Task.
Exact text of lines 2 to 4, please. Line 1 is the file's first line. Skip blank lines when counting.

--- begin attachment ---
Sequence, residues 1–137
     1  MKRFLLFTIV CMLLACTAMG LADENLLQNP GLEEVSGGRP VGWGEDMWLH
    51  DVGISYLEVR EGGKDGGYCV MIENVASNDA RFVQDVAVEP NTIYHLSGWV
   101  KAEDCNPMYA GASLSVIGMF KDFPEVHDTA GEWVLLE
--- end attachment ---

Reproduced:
     1  MKRFLLFTIV CMLLACTAMG LADENLLQNP GLEEVSGGRP VGWGEDMWLH
    51  DVGISYLEVR EGGKDGGYCV MIENVASNDA RFVQDVAVEP NTIYHLSGWV
   101  KAEDCNPMYA GASLSVIGMF KDFPEVHDTA GEWVLLE